In fall 2020, the German Electron Synchrotron (DESY) in Hamburg provided one week of experimental time to the scientists of the Institut für Strahlwerkzeuge (IFSW) and the Lehrstuhl für Lasertechnik (LLT) in Aachen.
The high-quality X-ray beam enabled sensational insights into the various laser material processing processes of welding, cutting and selective laser beam melting. The investigations with the monochrome X-ray beam are not limited to the distinction between the gaseous and the solid material, which results from the different densities. The different optical properties of the aggregate states lead to a phase contrast, which allows to identify the transitional locations between liquid and solid material. This allows to capture the dimensions of melt pools during welding and melt films during cutting within the material during the process.
Two exemplary results of this investigation are now freely available via the DaRUS database of the University of Stuttgart and can be properly cited via the corresponding doi. The first video (https://doi.org/10.18419/darus-2078) shows the two different laser beam welding modes of heat-conduction welding and deep-penetration welding. The video presents heat-conduction welding as a stable process with low penetration depth but high weld quality, while deep-penetration welding results in high penetration depths but is associated with fluctuations of the keyhole and formation of pores. The second video (https://doi.org/10.18419/darus-1824) shows the process of laser fusion cutting. For the first time, the captured images allow the direct measurement of the thickness of the melt film during a laser beam cutting process.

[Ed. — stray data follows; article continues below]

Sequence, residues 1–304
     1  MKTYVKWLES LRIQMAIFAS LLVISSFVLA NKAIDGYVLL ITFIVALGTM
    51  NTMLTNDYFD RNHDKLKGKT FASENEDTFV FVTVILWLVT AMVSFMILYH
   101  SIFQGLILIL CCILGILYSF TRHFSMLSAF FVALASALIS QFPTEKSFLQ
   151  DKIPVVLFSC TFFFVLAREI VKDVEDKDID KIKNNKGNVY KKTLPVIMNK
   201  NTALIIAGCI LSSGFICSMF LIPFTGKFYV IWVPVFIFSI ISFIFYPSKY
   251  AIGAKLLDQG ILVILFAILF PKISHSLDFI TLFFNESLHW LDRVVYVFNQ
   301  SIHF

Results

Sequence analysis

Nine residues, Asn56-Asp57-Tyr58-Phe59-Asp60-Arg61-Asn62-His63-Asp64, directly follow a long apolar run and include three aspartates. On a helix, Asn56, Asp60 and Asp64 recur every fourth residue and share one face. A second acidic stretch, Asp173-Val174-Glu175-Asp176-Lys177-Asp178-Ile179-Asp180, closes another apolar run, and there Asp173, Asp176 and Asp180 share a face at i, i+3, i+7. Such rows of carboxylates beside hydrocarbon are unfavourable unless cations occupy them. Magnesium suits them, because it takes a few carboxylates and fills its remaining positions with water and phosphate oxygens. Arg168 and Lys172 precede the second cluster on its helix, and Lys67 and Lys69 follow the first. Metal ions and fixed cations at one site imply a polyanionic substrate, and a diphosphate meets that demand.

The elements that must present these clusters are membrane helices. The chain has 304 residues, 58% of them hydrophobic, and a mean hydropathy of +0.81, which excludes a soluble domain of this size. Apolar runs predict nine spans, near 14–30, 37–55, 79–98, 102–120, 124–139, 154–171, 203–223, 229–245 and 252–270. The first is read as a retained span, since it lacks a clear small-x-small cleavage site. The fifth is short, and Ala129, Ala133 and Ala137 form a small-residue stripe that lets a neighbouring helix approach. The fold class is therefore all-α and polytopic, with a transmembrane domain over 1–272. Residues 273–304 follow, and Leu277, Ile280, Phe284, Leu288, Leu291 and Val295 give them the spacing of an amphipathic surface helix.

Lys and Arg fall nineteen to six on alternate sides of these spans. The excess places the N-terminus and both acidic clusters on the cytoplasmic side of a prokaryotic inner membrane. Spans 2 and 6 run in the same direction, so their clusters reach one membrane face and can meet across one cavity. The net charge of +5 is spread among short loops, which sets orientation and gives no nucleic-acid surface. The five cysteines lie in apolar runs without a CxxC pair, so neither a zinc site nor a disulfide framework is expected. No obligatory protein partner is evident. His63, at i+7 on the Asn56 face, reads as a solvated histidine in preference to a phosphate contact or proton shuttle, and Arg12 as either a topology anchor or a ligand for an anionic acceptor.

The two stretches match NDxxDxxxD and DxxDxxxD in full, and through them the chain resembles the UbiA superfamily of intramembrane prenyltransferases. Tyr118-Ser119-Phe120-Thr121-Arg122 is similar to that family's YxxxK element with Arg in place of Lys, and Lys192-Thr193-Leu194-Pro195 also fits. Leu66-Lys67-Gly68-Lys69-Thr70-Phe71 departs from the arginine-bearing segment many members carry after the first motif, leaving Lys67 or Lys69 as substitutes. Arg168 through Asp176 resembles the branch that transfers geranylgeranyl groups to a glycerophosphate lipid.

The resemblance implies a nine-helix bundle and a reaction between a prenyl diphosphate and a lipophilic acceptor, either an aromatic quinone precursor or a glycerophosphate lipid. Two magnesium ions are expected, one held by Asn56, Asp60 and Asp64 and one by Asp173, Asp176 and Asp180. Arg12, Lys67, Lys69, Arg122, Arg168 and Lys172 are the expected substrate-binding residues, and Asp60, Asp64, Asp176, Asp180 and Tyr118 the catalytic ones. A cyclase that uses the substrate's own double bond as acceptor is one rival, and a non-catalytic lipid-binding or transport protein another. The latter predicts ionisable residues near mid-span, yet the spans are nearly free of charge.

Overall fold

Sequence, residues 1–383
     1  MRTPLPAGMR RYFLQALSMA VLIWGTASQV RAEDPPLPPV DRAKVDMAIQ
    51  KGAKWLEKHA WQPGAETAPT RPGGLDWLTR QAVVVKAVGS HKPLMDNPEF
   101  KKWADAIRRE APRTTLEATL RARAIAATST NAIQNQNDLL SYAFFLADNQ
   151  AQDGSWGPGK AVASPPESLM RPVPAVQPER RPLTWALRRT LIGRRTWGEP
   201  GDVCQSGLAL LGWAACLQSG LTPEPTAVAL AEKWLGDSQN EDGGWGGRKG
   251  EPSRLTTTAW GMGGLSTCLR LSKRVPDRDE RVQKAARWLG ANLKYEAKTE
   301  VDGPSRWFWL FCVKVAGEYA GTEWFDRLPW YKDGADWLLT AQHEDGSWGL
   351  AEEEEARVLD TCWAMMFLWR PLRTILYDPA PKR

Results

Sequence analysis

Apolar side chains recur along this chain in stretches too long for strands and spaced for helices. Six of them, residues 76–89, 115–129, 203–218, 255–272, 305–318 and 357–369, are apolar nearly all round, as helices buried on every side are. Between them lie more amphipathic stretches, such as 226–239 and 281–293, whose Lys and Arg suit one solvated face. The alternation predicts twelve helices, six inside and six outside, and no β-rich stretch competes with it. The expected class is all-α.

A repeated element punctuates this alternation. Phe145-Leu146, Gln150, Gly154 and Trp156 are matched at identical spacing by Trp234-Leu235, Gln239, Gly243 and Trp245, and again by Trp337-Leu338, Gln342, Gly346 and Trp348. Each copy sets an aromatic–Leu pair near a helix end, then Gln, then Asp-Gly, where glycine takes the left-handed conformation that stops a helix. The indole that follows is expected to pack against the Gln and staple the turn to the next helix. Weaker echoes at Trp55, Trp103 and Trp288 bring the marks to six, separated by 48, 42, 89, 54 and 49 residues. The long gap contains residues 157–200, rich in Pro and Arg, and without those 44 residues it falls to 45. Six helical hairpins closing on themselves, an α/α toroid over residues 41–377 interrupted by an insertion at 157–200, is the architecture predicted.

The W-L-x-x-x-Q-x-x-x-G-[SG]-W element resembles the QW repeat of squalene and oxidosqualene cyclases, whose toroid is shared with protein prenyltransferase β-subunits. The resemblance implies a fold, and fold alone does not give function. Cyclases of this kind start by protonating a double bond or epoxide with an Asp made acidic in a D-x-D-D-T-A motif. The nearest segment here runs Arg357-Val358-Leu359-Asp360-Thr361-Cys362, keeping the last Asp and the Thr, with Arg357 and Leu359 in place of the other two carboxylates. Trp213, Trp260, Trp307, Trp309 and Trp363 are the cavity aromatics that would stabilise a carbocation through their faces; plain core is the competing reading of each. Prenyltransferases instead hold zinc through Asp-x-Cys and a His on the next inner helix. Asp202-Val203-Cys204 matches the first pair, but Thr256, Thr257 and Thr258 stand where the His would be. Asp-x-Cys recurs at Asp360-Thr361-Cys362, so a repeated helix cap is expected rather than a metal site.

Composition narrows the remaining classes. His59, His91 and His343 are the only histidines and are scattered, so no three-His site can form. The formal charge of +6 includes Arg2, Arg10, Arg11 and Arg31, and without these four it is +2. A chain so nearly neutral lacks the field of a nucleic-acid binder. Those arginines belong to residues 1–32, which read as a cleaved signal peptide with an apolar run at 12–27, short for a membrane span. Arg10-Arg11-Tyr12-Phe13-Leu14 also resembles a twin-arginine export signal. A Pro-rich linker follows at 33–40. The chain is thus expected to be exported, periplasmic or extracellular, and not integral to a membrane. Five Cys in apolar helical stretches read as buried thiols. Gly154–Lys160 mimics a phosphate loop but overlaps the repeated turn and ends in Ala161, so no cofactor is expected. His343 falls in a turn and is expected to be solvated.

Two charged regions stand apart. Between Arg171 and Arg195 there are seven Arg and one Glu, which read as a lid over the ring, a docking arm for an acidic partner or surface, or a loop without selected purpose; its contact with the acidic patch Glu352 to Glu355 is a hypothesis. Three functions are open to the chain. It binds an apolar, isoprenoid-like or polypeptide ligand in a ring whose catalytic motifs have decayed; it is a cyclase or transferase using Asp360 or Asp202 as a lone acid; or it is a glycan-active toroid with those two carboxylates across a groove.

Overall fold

Another publication (https://doi.org/10.3390/met11050797) presents an analysis of such X-ray videos on the effect of evaporation of volatile alloying elements on the keyhole geometry during welding of aluminum alloys.
Contact: Dr. Christian Hagenlocher